Weather and Climate

Tornado Recovery
10:48 am
Wed June 19, 2013

Moore Debris Removal: 56,550 Tons And Counting

A man stands on his house and surveys the damage after the May 20 tornado in Moore.
Credit Joe Wertz / StateImpact Oklahoma

Moore City Manager Steve Eddy says more than 56,000 tons of debris have been removed from neighborhoods in Moore as the city reaches the one-month mark since a deadly tornado carved through the Oklahoma City suburb on May 20.

The Federal Emergency Management Agency paid for 85 percent of the cost of debris removal through Wednesday, when the share was reduced to 80 percent. The 80-20 federal-local match will continue for another 30 days. After that, the federal share of the cleanup cost will drop to the traditional 75 percent.

Read more
7:59 pm
Sat June 15, 2013

Visualizing The Moore Tornado Debris Cloud

Lead in text: 
National Climactic Data Center scientists use radar data from the May 20 Moore tornado to present different images of its debris field. They also present comparative images for the May 3, 1999 tornado that hit in the same area.
NCDC scientists use the Weather and Climate Toolkit to provide multiple radar visualizations of the May 20, 2013, Moore, Oklahoma, tornado.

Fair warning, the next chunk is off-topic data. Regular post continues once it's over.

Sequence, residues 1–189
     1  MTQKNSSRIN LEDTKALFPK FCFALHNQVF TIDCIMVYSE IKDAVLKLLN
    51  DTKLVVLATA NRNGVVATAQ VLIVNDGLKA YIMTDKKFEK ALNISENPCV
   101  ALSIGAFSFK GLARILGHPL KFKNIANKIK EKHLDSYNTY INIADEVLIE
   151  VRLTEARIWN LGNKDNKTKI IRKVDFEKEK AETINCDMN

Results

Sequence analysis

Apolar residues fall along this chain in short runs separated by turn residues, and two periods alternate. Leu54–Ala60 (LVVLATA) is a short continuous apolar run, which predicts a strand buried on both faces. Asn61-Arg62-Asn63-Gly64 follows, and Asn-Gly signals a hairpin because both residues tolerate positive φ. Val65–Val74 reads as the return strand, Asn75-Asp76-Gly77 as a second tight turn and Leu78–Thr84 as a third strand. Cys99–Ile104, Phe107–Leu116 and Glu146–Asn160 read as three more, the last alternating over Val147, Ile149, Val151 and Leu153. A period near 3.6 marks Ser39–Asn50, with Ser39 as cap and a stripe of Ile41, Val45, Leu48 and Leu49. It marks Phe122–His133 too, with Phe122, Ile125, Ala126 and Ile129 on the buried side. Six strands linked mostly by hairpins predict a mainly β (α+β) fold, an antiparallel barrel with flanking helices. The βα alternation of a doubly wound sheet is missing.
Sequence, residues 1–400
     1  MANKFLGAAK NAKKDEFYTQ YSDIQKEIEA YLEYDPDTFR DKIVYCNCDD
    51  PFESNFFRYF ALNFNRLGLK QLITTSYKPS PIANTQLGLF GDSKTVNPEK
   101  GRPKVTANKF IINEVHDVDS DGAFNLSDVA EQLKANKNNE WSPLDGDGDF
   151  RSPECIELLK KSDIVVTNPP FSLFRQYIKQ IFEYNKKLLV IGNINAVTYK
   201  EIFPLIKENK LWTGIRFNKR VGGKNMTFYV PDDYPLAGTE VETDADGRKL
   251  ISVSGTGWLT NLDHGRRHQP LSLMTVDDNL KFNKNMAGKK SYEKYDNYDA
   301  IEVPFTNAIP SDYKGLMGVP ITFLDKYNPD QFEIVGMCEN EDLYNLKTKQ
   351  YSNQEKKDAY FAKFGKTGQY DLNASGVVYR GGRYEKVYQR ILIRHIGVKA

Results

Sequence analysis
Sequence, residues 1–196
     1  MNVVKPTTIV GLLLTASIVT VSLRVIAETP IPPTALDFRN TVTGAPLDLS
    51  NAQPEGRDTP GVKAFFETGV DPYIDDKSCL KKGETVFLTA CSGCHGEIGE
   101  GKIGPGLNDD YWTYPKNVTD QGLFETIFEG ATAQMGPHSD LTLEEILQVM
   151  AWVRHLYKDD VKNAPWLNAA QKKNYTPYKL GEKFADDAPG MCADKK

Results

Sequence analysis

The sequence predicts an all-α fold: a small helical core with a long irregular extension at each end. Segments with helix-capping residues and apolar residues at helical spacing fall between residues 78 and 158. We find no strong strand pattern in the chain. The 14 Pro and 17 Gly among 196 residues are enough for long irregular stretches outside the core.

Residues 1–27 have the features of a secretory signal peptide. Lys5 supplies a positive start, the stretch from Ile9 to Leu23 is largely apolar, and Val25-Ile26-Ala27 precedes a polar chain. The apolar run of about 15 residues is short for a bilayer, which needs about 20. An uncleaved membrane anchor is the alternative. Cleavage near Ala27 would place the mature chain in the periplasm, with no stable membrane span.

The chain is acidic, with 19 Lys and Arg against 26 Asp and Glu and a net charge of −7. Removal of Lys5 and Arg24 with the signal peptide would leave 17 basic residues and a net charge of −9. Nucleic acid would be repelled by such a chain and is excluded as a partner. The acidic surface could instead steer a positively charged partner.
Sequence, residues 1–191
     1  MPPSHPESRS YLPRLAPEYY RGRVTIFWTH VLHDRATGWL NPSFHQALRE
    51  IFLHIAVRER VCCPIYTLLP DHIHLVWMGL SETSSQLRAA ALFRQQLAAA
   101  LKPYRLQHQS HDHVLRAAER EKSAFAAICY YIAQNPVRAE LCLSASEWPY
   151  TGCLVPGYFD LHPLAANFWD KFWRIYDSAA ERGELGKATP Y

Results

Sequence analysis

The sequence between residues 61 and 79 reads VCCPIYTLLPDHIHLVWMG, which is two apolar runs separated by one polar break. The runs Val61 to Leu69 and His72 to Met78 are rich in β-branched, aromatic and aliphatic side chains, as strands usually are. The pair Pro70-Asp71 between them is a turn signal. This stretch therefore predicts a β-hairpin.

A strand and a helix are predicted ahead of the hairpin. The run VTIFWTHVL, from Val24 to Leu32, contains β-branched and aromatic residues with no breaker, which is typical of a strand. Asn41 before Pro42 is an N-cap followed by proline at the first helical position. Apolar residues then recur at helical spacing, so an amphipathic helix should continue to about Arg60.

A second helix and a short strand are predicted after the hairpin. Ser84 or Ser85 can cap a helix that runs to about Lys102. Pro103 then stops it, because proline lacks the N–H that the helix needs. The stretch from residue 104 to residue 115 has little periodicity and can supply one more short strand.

Water
7:53 pm
Sat June 15, 2013

Water Wars: Who Controls The Flow?

Cattle stand in a heavily irrigated pasture in Oregon's Upper Klamath Basin. The state has ordered ranchers in the region to shut down irrigation. The move is aimed at protecting the rights of Indian tribes who live downstream.
Amelia Templeton for NPR

Originally published on Sat June 15, 2013 6:39 pm

So often, we take water for granted. We turn on the faucet and there it is. We assume it's our right in America to have water. And yet, water is a resource. It's not always where we need it, or there when we need it.

Rivers don't follow political boundaries — they flow through states and over international borders. And there are endless demands for water: for agriculture, drinking, plumbing, manufacturing, to name just a few. And then there's the ecosystem that depends on water getting downstream.

So what are our legal rights when it comes to water? And who decides?

Read more
Severe Storms
9:30 am
Thu June 13, 2013

Oklahoma’s Building Codes Don’t Factor For Tornadoes

Tim Marshall, a meteorologist and civil engineer, stands near a water tank in a tornado-ravaged Moore neighborhood. The tank fell from the sky after being carried a half-mile, Marshall says.
Credit Joe Wertz / StateImpact Oklahoma

The “Oklahoma Standard” is a phrase that describes how this state responds in the immediate aftermath of a disaster, like the tornado that ripped through Moore on May 20.

But that resiliency isn’t reflected in Oklahoma’s construction standards, which don’t factor for tornadoes.

Read more
StateImpact
6:39 am
Tue June 11, 2013

More Bad Water News for Altus: First Drought, Now Dead Fish

Drought monitor map June 4, 2013
Credit U.S. Drought Monitor

The extreme drought blanketing Southwestern Oklahoma has taxed water resources in Altus and plagued farmers.